Monday, November 30, 2015

Finding Balance during the Holiday Season

 by Brittiney George

How is it possible that the holiday season can feel both energetically exhausting and exhilarating?  Both joyful and stressful?  Feel simultaneously warm and cold?  Maybe it is because the holidays ask us to do two extremely different things: (1) tap into our childhood and see the world through the eyes of a child again, and (2) continue to act like and make decisions of an adult.  This experience can shine light on parts of our lives currently – and within our childhoods – that felt extreme (good or bad).  We become consciously aware of our current life and often compare it to the life we thought we would be living or should be living right now.  In that moment our subconscious belief systems can get kicked back into high alert.  Some familiar phrases that might resurface: 

·      Get Control of Yourself
·      Get it Together
·      Keep it Together
·      Shut that Down
·      Let it go

All of these phrases indicate that something is out of balance and we are trying to figure out a way to respond to feel safe or fit in to our given environment.  There is an energetic release or movement that needs to happen to reset the scale back to even.  During different times in our life, the way we did that may have differed:

·      Tantrums:  The ultimate energy buster in a world that feels out of control, proportion, or too much (too fast, too loud, to unpredictable).  Tantrums allowed us to naturally get the extra energy/noise off our system:  If I am expected to take it all in, than I also need permission to let it all out.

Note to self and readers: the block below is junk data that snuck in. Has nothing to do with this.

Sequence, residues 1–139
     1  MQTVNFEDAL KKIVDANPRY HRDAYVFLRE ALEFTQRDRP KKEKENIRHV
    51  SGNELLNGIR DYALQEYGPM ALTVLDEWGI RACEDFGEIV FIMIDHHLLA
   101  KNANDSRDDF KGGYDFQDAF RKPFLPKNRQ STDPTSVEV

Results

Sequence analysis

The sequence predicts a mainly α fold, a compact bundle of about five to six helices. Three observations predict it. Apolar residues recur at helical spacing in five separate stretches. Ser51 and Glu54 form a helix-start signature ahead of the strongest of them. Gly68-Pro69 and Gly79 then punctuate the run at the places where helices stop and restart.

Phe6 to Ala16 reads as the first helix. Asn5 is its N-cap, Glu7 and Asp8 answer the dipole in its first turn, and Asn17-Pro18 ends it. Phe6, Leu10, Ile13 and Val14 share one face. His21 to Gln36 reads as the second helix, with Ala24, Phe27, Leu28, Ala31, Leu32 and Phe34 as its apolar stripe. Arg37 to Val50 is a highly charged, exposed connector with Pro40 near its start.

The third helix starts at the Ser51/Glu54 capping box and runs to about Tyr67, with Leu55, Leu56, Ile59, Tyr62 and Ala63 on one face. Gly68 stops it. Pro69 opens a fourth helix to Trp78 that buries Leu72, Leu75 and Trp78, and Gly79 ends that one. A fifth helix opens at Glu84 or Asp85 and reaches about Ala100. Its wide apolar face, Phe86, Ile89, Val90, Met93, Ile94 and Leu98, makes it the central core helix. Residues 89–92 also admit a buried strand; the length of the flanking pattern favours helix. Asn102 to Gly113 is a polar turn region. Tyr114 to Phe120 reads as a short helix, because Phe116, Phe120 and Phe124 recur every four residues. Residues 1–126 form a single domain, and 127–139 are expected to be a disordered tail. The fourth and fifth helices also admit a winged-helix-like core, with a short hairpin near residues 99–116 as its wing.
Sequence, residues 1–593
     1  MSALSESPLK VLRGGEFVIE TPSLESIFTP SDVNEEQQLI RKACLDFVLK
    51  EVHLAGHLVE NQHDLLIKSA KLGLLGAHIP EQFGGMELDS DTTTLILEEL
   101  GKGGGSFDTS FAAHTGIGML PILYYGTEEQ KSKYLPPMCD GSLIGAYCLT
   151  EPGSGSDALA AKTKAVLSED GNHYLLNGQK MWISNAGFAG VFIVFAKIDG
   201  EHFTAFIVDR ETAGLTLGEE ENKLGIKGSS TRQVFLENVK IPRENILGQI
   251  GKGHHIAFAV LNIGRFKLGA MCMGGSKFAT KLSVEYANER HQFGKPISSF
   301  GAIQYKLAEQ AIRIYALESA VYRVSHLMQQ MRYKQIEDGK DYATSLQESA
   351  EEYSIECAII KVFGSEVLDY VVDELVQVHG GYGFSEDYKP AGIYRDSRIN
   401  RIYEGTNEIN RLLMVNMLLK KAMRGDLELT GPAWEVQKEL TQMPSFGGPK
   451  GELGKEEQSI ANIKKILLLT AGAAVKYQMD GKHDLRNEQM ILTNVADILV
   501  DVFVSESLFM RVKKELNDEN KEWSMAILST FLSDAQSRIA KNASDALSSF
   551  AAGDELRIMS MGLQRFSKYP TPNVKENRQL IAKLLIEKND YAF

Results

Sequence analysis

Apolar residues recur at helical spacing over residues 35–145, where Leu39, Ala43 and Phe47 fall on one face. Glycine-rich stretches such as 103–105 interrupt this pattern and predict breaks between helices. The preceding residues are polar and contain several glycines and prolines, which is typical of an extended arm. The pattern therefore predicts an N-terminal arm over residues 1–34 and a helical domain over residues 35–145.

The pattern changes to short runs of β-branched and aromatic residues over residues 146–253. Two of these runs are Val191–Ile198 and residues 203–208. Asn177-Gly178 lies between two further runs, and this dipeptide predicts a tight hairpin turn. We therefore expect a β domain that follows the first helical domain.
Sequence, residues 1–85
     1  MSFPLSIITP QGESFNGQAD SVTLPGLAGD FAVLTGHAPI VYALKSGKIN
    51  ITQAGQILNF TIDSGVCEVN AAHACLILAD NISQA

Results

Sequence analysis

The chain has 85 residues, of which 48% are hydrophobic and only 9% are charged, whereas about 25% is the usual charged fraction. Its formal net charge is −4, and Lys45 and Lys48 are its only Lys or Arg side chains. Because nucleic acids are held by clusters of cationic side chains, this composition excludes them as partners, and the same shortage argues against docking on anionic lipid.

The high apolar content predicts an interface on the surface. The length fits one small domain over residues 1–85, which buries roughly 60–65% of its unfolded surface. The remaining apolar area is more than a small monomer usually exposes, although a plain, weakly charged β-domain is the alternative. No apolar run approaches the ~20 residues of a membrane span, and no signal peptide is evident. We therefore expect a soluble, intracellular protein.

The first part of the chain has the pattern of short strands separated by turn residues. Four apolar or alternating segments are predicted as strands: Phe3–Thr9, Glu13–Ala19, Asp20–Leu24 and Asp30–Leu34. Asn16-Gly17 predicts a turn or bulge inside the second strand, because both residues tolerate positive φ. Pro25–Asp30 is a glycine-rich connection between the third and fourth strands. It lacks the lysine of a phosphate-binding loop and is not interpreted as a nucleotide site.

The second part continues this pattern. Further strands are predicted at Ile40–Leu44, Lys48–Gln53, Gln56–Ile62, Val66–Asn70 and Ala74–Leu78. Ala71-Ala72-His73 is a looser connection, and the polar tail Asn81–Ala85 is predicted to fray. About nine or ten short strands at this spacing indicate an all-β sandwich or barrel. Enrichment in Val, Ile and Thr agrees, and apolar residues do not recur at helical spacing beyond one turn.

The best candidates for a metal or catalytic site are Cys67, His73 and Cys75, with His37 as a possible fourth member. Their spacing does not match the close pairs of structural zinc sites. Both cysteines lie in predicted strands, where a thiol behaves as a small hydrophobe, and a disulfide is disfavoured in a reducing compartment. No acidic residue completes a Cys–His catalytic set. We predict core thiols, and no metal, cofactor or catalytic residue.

·      Rebellion:  When we learned that tantrums were no longer acceptable by society or in our family, rebellion kicked in.  We still needed an energetic release, but the form of it changed.  It may have been quiet rebellion, or loud in your face rebellion, but either way it was our way of trying to gain back some control, let out some steam, or have our voice heard.  We got the message that we needed to keep it together but were still missing the staples, tape, and glue (aka support or internal resources) necessary to do that.

·      Peace:  Peace is the place where tantrums & rebellion meet and become friends.  Instead of fighting about whether we should or shouldn’t feel how we do, instead of second guessing why we feel that way when those around us don’t, it becomes knowledge.  Tantrum and Rebellion both may still be there, but they are not at war, they are sharing their knowledge about why it is upsetting, what it is throwing us off balance.  It becomes insight and space to acknowledge what we need.  In the acknowledgement of that information….even if you don’t know what to do with it…the energy can flow more easily, emotions can flow more naturally.  You are not getting shut down, tuned out, or broken into pieces by it all.  Now you have choices.  Now you can move.

So this holiday season I wish you acceptance of all of who you are so that your system can truly know balance and find its true peace:

Peace.  It does not mean to be in a place where there is no noise, trouble,
Or hard work.  It means to be in the midst of those things and still

Be calm in your heart.”-unknown